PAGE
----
"Conditions" refers to the relatively fixed features of your environment. Factors experimentally proven to increase happiness include: having enough money to satisfy your basic needs (beyond this, there is no correlation between wealth and happiness); having a strong social support network of friends and family; having choices and some degree of freedom in your decisions (or at least the appearance thereof); and something as mundane as avoiding traffic (commuting, but also the noise that comes with living next to a busy street, have a significant adverse effect on well-being).

In other words, it's far better to live in a small, quiet place close to family, friends, and your workplace than to live in that big house in the suburbs. Most Americans waste their time pursuing goods that they easily adapt to, i.e., get sick of. Consumerism, like any drug, requires more and more to produce the same effect over time. The American Dream is a lie--but most of us probably know this already.

Lastly, we come to voluntary activities. Aristotle got this one exactly right. If most of what we do in a day is simply a means to some other end, we are letting life pass us by. The best life is one in which what you need to do meshes seamlessly with what you want to do. In work and in love, in particular, we need to be able to be present in the moment, lose track of time, and become totally immersed in what we're doing, what Aristotle calls energeia and Csikszentmihalyi, the experience of "flow".

In terms of occupation, those who see their work as a "calling" are the happiest. Less focus on achievement, wealth, and status would do most people a lot of good. If you don't have that luxury, it is at least valuable to have more leisure time to engage in hobbies and other pursuits you do enjoy, and to spend quality time with family and friends. It's a shame that in our workaholic culture vacation time has become such a scarce commodity.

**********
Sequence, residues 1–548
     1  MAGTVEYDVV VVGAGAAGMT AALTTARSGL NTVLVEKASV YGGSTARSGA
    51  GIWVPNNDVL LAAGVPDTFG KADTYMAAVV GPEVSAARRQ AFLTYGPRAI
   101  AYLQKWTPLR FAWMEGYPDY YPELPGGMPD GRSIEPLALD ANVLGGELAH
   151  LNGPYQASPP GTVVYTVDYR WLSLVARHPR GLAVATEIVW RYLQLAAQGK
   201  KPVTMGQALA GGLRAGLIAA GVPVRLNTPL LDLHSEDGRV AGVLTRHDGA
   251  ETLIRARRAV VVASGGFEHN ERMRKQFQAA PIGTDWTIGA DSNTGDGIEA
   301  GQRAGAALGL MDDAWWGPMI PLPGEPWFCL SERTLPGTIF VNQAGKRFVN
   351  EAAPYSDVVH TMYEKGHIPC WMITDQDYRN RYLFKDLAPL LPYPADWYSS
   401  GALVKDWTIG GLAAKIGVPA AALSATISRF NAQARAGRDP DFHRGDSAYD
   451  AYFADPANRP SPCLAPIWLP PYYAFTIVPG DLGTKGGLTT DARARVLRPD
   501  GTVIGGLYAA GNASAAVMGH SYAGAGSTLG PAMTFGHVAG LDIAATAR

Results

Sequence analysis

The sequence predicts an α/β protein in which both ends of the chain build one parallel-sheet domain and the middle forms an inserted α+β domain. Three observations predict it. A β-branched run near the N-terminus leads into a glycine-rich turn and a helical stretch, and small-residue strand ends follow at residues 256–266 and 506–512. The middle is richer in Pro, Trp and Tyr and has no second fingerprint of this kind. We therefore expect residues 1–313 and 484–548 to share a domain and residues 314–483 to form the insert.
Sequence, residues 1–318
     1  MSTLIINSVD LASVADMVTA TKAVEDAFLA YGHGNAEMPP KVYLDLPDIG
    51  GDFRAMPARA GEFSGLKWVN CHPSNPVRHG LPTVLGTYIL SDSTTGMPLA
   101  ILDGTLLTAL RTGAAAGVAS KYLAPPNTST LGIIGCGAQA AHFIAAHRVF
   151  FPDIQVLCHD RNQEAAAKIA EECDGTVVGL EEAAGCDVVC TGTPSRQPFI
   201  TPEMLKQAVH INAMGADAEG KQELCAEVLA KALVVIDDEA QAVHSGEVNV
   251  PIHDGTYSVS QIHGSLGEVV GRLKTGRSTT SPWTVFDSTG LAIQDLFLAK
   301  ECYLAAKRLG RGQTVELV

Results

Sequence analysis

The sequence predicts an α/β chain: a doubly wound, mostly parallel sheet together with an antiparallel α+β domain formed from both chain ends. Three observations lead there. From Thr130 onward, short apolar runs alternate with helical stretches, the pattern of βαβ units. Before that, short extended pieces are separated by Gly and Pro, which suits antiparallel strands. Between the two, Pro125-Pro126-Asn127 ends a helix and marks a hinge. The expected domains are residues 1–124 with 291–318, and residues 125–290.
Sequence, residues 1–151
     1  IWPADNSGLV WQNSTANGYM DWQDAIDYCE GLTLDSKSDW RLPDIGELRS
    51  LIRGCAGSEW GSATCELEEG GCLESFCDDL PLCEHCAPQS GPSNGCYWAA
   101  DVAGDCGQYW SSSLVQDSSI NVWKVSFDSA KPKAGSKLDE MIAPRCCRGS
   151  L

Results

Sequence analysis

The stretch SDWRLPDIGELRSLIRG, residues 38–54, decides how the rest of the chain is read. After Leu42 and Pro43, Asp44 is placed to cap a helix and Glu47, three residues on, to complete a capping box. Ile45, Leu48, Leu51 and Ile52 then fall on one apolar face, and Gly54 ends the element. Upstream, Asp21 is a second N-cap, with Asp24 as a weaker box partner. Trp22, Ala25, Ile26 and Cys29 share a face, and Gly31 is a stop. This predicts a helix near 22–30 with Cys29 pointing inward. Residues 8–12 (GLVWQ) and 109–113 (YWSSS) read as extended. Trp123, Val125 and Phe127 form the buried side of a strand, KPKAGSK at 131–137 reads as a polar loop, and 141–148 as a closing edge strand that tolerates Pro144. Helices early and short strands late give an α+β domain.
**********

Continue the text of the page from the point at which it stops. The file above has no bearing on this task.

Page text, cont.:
Above all, life requires activities that are meaningful, personally rewarding, and connected to some good greater than yourself, whether it be pursuing great ideas, working for the common good of your community, or having a personal relationship with the divine. This should be common sense, but so many people seem to favor having over doing, a mistake that could cost us our very well-being.

This is why unrestrained capitalism is so evil. I am sick and tired of a society driven exclusively by the "profit motive". What moron suggested that pursuing individual interest exclusively will lead to the common good? Oh, yeah, that Adam Smith guy. Well, he's wrong. If greed, ambition, and self-interest are all that motivate you, you are a sad person--in more senses than one, it turns out.

Much more could be said about this, but I will leave it to other posts on different subjects. In particular, I have not said enough about the Haidt's most Spinozaesque point, viz., the importance of knowing how your body and mind work in order to exert better control over your passions and activities (willpower alone is never sufficient). Nor have I spoken about his fascinating analysis of the "myth of pure evil" and the impoverished psychology of Manichaeism.

In any case, what are you waiting for?! Go read!

No comments: